P1 - B1

Posture, freedom of movement, and keyboard geography

Posture and freedom of movement:

  • Play with physical freedom and ease, without unnecessary tension:
    • across a comfortable range of the instrument
    • developing a comfortable and balanced position with appropriate forearm, wrist and hand position

Keyboard geography:

  • Understand the layout of the keyboard
  • Identify the letter names of the keys
  • Observe the repeating pattern of the keyboard and relate that to aural considerations
  • Begin to develop awareness of the visual and aural differences between whole and half tones

Posture and freedom of movement:

Explain to learners the benefits of positioning themselves an appropriate distance from the keyboard, and of keeping wrists supple and arms relaxed.

Demonstrate a variety of both successful and less successful approaches to posture and ask learners to make observations.

Demonstrate a variety of both successful and less successful approaches to posture and ask learners to make observations.

Be aware of learners’ individual physical characteristics and make adaptations as appropriate.

Encourage self-evaluation by use of a mirror. Video-recording could also be used for this purpose, but it is vital to check the policy of the school or other organisation you are working in with regards to any form of recording. Children must never be videoed without parental consent and all policies regarding use and storage of recordings must be adhered to.

Encourage the use of the entire range of the keyboard, sitting and/or standing.

Ask learners to swing their arms while standing in a relaxed manner and explain how this relates to having relaxed arms whilst playing.

Creating effective exercises and drills to enable learners to adopt appropriate posture is invaluable in large-group and whole-class teaching. It promotes independence, giving learners the necessary skills to recreate the desired posture in their individual practice.

Demonstrate various ways in which learners can achieve a relaxed and comfortable hand shape.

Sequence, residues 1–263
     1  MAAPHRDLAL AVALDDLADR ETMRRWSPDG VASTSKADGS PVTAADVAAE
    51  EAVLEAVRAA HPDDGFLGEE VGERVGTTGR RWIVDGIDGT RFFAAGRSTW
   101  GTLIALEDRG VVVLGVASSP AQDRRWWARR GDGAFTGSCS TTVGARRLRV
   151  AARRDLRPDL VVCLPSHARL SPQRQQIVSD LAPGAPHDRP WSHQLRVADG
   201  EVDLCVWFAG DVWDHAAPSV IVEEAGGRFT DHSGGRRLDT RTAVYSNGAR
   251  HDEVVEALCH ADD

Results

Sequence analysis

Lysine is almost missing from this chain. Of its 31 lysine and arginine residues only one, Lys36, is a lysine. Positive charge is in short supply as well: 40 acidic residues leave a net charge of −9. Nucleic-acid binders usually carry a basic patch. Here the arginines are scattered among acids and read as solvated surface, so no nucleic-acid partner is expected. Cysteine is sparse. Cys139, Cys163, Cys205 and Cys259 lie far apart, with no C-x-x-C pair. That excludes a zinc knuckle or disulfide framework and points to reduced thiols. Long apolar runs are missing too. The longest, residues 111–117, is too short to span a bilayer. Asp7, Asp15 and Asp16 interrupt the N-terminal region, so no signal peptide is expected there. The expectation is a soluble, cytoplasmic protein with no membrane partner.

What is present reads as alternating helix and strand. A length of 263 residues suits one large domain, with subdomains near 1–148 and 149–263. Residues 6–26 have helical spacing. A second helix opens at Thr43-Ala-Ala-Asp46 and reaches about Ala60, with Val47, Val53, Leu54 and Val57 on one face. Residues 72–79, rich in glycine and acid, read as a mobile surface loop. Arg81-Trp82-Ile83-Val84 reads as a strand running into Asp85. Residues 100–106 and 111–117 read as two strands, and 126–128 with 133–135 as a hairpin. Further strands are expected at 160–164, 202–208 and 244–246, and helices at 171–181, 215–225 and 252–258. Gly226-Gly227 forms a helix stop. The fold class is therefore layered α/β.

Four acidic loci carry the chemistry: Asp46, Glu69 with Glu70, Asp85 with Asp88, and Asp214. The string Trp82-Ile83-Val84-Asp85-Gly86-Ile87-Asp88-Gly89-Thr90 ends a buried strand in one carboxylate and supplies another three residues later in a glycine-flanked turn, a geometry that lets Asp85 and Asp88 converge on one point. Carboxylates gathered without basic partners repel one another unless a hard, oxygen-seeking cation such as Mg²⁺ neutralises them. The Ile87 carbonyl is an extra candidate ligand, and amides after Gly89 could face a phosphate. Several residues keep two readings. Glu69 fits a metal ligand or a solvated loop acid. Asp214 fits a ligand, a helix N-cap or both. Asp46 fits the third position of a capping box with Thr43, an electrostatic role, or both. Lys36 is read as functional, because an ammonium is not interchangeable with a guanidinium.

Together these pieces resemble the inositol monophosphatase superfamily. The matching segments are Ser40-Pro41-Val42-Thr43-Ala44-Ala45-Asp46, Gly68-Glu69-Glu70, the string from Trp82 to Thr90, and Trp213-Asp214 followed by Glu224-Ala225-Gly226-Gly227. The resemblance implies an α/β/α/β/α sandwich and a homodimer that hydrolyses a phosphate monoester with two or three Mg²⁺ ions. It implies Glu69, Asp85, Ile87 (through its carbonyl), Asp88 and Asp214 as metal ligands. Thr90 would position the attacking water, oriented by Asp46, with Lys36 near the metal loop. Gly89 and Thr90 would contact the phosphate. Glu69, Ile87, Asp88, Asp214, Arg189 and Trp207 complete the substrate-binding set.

Possibilities include allowing the hands to hang naturally to the side of the body, observing the shape, and transferring this to the keyboard, or asking learners to place their hands face-up on their laps, then turn them over  and transfer them to the keyboard.

If learners have photographic permission, encourage them to take photos of themselves and annotate them to identify elements of good posture. This can be done with a photo editing app or presentation programs such as PowerPoint or Google Slides.

Keyboard geography:

Ask learners to observe and comment on the layout of black and white keys.

Ask learners to find and play all of the groups of two and then three black keys.

Explain the letter names for white keys, relating them to the nearby groups of black keys.

It may be best to start with a limited group, e.g. C/D/E.

Ask learners to comment on the aural similarity between notes of the same letter name, and explain to them the repetitive pattern of the keyboard.

Play games where learners locate, name and play notes across the range of the keyboard, as specified by the teacher, e.g. ‘Find all of the Ds, starting with the highest and working down.’

Ask learners to identify the letter names of notes played randomly, using the whole range of the keyboard.

Illustrate whole and half tones, asking learners to comment on the difference.

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